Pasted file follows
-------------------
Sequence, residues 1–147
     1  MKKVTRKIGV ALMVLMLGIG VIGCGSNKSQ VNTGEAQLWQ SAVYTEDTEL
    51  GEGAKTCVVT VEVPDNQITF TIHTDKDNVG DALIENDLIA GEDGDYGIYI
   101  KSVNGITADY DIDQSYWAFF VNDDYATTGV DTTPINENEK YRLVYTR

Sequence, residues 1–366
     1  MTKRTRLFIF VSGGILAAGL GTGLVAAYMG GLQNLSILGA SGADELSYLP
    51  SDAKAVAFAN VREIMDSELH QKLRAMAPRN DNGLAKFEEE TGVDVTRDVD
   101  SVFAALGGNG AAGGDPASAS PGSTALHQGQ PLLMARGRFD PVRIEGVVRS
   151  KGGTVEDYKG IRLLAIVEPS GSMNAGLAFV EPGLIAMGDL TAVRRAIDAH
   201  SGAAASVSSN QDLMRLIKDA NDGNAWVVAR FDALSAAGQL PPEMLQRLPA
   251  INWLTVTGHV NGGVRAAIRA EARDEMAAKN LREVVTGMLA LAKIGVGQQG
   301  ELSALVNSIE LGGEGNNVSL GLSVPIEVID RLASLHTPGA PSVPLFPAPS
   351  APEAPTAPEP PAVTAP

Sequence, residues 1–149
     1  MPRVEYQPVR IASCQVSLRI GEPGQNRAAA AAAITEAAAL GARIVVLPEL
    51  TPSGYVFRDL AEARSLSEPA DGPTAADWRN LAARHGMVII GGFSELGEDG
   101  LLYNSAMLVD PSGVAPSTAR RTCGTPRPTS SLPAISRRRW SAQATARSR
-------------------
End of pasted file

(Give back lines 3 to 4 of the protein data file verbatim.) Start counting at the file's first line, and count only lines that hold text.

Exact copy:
    51  GEGAKTCVVT VEVPDNQITF TIHTDKDNVG DALIENDLIA GEDGDYGIYI
   101  KSVNGITADY DIDQSYWAFF VNDDYATTGV DTTPINENEK YRLVYTR